Thursday, July 02, 2009

Music Library: Dirtbombs, Dirty Three, Distant Seconds, Dixie Chicks, Dizzee Rascal, Dizzy Gillespie, DJ Shadow, DJ Shortkut

The Dirtbombs - We Have You Surrounded (2008). The first album I've heard by this band, which has apparently been around for a while. And I like it more than I thought I would at first, although it's definitely a spotty album. It's garage-y, but it has some depth that's not immediately apparent.

Dirty Three - Dirty Three (1995), Horse Stories (1996), Ocean Songs (1998), Whatever You Love, You Are (2000), She Has No Strings Apollo (2003), and Cinder (2005). Calm on the surface, raging seas beneath. My favorites are Horse Stories and Ocean Songs, but they're all lovely in their own way. Or maybe in the same way. There's a definite progression in the albums, but the changes are minimal, and I've only noticed them when listening to the albums end-to-end like this. Cinder, with the focus on short songs and the guest vocalists Cat Power and Sally Timms, is the most radical departure, and it's my least favorite, too.

The Distant Seconds - We're Holding Out For Less (2007) and Spectral Evidence (2008). One of the best Austin bands going right now, the Distant Seconds favor lean, rhythmic songs with slippery basslines and skronky keyboards over minimalist guitar and solid, tricky drumming. There's a certain Spoon-ness at play, but the Distant Seconds have their own identity and sound. Great, great stuff.

Dixie Chicks - "Bring It On Home To Me." A Dale Evans cover, I think?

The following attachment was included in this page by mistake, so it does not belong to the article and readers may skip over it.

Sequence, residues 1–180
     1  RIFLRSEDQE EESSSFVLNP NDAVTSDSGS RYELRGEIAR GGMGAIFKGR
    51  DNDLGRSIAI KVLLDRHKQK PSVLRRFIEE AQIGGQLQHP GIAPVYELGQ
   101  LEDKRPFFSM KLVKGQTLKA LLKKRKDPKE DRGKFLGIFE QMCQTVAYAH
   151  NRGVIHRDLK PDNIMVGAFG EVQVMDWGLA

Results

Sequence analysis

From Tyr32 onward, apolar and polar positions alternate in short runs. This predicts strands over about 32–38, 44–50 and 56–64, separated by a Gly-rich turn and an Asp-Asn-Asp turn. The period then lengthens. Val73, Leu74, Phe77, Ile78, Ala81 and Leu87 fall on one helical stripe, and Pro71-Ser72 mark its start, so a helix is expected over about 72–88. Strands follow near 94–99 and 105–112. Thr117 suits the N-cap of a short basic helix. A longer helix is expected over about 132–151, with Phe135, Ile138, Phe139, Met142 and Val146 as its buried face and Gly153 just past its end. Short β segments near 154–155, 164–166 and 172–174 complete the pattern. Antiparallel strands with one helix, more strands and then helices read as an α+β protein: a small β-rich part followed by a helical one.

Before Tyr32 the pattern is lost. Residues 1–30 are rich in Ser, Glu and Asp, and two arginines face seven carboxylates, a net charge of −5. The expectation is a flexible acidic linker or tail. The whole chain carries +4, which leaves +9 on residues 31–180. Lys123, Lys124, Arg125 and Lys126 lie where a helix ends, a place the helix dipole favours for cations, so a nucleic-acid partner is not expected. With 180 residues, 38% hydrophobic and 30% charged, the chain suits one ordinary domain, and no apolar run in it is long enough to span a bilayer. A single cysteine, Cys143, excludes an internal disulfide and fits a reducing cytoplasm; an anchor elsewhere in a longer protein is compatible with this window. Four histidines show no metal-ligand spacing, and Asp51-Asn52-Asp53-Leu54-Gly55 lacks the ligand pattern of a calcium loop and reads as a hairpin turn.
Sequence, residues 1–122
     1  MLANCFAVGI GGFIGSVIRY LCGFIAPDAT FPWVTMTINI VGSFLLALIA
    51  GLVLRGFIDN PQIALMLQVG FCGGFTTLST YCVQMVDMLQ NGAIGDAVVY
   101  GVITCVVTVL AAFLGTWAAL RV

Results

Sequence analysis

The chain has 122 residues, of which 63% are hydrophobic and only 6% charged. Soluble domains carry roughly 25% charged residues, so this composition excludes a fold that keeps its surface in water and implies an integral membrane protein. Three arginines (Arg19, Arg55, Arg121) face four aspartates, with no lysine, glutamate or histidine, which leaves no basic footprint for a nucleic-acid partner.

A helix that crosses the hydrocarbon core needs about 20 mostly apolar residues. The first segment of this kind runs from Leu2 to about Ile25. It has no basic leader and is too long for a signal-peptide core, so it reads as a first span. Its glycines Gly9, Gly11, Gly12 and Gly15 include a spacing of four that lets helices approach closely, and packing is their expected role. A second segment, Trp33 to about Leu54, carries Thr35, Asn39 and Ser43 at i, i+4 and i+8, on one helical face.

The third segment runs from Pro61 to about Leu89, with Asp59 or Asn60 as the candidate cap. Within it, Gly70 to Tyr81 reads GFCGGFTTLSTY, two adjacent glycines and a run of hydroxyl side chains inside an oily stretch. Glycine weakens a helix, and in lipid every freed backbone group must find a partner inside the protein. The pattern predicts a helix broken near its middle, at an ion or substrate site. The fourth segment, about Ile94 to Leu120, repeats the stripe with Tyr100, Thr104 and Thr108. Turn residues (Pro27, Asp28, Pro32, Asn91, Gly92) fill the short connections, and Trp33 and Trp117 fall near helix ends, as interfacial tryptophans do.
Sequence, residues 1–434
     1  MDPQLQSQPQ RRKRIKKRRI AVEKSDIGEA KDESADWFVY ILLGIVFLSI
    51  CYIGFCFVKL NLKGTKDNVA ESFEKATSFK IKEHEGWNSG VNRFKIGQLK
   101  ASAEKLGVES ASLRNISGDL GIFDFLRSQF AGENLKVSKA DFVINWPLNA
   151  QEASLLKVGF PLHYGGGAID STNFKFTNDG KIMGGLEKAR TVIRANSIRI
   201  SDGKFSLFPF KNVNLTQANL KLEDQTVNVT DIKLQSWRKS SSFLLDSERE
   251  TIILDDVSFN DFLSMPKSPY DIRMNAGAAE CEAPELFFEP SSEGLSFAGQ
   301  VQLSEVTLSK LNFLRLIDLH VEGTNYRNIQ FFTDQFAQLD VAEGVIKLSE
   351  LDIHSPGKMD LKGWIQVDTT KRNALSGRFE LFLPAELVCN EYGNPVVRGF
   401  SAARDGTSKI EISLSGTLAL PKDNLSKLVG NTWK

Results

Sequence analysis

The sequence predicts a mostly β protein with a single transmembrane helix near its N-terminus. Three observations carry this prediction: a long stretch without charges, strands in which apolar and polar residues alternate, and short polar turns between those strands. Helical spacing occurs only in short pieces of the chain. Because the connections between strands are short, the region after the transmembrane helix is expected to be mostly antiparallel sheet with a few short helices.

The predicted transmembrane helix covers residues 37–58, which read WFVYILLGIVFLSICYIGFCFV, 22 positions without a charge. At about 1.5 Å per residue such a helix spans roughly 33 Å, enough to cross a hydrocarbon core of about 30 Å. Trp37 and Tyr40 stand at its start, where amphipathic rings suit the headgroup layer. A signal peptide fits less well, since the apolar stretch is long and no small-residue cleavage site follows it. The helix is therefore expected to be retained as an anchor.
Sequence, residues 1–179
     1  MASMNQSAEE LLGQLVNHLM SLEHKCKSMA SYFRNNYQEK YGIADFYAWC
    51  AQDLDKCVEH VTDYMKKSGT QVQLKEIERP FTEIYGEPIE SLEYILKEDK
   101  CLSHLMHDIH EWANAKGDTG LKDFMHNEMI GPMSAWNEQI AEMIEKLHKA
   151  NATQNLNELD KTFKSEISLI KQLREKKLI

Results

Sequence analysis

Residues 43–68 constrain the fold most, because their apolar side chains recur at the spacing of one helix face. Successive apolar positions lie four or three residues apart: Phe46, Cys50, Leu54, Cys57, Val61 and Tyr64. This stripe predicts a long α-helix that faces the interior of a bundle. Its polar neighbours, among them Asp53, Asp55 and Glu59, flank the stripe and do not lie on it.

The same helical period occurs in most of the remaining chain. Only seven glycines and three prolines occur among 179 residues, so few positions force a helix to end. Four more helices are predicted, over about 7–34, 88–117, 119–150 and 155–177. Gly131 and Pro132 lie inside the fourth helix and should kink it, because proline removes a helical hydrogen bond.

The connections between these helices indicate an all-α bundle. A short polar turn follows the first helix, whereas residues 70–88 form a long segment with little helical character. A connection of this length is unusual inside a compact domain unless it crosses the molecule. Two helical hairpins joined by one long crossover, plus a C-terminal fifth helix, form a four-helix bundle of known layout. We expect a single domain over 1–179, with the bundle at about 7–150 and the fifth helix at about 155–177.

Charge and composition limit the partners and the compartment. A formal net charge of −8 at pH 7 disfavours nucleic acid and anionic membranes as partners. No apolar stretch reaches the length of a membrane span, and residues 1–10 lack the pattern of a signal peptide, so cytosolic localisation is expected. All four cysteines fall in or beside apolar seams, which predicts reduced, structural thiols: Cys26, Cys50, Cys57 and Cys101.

Dizzee Rascal - Boy In Da Corner (2003). I like Spank Rock's glitchy beats and weird flow, but didn't realize that they were invented by Dizzee Rascal, since I'm the last person on earth to hear this album. My friend Gary gave me a copy back in the fall. I listened to it a couple of times then, and not again until yesterday, but it's utterly amazing, and that's all I have to say on it.

Dizzy Gillespie - "Ool-Ka-Yu," Body & Soul (with Sarah Vaughan, 1949), and Duets (with Sonny Rollins and Sonny Stitt, 1957). I met Gillespie one time, towards the end of his life. It was early in the morning and he didn't have much to say, but I'm proud that I got to shake his hand. Prouder than this meager selection would indicate. Body & Soul barely has Sarah Vaughan on it, but it does have a few live tracks with some surprising scat singing. Duets is from the same recording session as the excellent Sonny Side Up album, and features Dizzy jamming with each of the two sax giants.

DJ Shadow - Endtroducing (1996). An album composed entirely of samples, Endtroducing was an incredible undertaking that still retains its power to astonish.

DJ Shortkut + Roy C Hammond - "Impeach The President." Takes you right back to 2005!


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